a) Global Hauser Scholarship
This is the best scholarship that NYU offers for LL.M. students; as such, it is not easy to get. The “full ride” scholarship pays for tuition, board, and a stipend (the value of the award is valued at approximately USD$90,000). Each year, the Hauser Committee (made up of prominent legal figures, including justices of the United States Court of Appeals for the Second Circuit) chooses 10 individuals to receive the scholarship. The biographies of the current scholars can be found here.
To be considered for the Hauser, in addition to the personal statement for the general NYU application, applicants must “electronically attach to the online application an essay of 500 to 750 words that briefly describes a current legal dilemma, controversy, or issue facing a country, a region, or the world, and suggests a strategy to address the problem.”
b) Arthur T. Vanderbilt Scholarship
Below the Hauser Scholarship, is the Arthur T. Vanderbilt Scholarship. As NYU described it, “[c]overing the cost of tuition for the full-time master’s degree programs, the Vanderbilt Scholarship is awarded to a select group of extraordinarily talented LL.M. candidates who have demonstrated outstanding academic promise and/or achievement in their respective field(s) of interest.”
This scholarship is given to about 10 LL.M. applicants per year. A current list of the Arthur T. Vanderbilt scholars can be found here. Unlike the Hauser, no essay is required to be considered; thus, all LL.M. applicants are considered for this scholarship.
c) Dean’s Graduate Award
These scholarships range from USD$15,000 to USD$30,000 and are credited against an LL.M. student’s cost of tuition. Like the Arthur T. Vanderbilt scholars, LL.M. applicants are automatically considered for the scholarships. While NYU does not state how many awards are given out, it is estimated that they give out 30-50 of these awards annually.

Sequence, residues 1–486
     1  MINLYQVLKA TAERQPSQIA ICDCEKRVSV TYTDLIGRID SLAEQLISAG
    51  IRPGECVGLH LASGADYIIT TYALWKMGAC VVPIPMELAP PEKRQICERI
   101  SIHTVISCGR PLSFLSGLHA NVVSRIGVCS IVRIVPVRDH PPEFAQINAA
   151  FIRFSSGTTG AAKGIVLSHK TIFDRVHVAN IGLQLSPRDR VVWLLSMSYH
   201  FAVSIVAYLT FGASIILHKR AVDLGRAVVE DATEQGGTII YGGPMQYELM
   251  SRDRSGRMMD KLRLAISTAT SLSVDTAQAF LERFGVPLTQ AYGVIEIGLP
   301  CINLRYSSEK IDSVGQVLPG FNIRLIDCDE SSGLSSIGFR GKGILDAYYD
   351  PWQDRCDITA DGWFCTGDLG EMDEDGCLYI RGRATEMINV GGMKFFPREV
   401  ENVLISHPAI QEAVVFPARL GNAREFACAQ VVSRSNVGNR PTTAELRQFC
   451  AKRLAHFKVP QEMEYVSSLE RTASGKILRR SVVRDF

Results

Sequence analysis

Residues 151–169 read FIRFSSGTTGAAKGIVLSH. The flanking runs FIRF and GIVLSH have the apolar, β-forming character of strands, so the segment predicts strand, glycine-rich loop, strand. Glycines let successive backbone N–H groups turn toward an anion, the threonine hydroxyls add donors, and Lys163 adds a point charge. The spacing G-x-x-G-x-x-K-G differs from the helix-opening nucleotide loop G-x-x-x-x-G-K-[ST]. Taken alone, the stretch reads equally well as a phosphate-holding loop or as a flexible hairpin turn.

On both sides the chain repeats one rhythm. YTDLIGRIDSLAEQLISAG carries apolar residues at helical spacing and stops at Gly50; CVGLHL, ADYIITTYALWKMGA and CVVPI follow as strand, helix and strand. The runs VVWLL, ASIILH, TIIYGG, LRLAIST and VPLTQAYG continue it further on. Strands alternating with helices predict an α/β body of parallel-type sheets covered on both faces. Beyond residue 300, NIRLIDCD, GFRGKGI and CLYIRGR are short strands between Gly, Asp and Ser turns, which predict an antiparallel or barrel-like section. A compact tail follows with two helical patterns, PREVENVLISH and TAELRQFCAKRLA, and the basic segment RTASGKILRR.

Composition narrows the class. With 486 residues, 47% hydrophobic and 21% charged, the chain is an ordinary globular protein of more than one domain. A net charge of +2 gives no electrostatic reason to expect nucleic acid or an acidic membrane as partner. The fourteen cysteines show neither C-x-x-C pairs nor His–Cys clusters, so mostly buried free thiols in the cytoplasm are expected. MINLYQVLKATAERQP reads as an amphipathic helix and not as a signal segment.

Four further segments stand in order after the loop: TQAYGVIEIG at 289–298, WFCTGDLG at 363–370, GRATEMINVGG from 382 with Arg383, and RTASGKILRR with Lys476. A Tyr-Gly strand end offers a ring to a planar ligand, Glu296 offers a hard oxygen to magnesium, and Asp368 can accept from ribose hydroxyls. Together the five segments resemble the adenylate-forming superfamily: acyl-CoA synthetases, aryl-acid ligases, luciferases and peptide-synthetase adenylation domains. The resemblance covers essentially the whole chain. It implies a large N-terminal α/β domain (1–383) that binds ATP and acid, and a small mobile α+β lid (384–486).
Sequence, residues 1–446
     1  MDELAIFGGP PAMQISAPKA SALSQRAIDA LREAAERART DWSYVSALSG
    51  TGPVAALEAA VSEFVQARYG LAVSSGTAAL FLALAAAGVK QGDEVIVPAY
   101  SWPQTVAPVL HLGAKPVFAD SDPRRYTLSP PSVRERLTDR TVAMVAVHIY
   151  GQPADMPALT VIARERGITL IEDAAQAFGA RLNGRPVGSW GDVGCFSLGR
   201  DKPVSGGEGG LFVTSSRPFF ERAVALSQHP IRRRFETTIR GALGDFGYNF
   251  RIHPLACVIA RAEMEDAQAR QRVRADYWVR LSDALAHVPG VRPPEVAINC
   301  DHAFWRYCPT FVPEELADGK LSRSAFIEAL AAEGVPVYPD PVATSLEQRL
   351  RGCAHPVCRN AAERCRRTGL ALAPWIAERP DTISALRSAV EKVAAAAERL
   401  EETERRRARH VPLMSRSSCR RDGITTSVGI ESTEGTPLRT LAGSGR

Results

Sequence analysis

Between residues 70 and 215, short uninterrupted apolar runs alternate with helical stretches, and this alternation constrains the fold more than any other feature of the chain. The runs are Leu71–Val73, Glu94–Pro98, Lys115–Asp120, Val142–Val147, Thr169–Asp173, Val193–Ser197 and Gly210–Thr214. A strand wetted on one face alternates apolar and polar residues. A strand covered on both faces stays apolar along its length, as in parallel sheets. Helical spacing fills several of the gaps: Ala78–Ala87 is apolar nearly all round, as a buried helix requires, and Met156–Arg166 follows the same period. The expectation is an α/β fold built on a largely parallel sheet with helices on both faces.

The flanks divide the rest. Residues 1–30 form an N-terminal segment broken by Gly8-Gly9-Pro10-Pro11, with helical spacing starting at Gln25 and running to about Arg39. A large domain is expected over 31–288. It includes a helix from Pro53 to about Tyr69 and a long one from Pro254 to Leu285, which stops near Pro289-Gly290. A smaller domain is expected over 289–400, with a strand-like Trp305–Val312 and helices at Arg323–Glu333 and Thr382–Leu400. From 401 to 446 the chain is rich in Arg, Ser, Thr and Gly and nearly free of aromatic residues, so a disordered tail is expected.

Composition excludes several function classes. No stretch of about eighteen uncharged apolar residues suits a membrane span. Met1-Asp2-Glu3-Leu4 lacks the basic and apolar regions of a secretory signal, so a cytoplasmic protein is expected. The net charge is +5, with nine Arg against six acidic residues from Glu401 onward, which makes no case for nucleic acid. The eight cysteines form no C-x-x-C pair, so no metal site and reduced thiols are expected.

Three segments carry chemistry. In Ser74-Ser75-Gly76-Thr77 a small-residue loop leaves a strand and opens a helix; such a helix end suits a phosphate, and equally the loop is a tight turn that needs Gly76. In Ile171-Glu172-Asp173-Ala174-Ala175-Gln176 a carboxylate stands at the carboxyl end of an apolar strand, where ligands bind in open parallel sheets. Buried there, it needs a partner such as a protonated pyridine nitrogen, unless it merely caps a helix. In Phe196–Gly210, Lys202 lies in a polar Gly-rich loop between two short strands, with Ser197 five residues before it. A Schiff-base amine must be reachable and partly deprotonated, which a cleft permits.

University of Michigan School of Law
Michigan Grotius Fellowship
Based in cold (read: freezing) Ann Arbor, the University of Michigan School of Law offers the generous and famous Michigan Grotius Fellowship.
As the website says, “Michigan Law is proud to award the prestigious Michigan Grotius Fellowship to several particularly exceptional LLM students and research scholars. Named after Hugo Grotius, the seventeenth century Dutch jurist generally regarded as the father of modern international law, the fellowships acknowledge superior academic and professional achievement in all areas of law and recognize the promise of a distinguished legal career following graduate study.
On your Michigan application, there is a form which requires you to state your financial resources and how much funding you require. If successful in receiving the Fellowship, the Fellowship will cover the amount you stated that you required (which, if your financial circumstances require, may be a full tuition scholarship). Generally, the Grotius Fellowship only covers tuition, not living expenses.
Up to 40% of the Michigan LL.M. class is given the Grotius Fellowship. While this may seem like a lot, given the small class size at Michigan (no more than 45 usually), it is not so absurd.
Harvard and Yale
Harvard and Yale do not provide any merit-based scholarships . These law schools only provide financial aid based on demonstrated need. Thus, for these schools you need to fill out their financial aid applications (including forms disclosing your parents’ financial means).
Given that Harvard and Yale only give out financial aid based on financial need, you cannot negotiate with them based on the scholarships you have received from other schools. For example, a NYU Hauser will not sway Harvard or Yale’s financial aid decisions.
(Stingy) Stanford Law School
Despite the campus looking like a billionaire’s mansion, the school does not provide financial aid for LL.M.s. Thus, unless you have sufficient resources or can secure funds from outside sources, Stanford may be financially out of reach.
Berkeley School of Law
Across the San Francisco Bay from Stanford is University of California, Berkeley School of Law. Headed up by its new dean, the renowned constitutional scholar, Erwin Cherminsky, Berkeley offers a great legal education in an amazing college town.
Berkeley is relatively secretive about its LL.M. scholarships. The law school’s website merely says it “offers selective, merit- or citizenship-based scholarships that are applied toward tuition and fees, which are awarded to a few outstanding admitted LL.M. students each year.”
The criteria for being awarded such a scholarship is uncertain. I have coached applicants who have been admitted to Harvard, Yale, and received NYU’s Hauser Scholarship, but did not receive any scholarship from Berkeley. Go figure.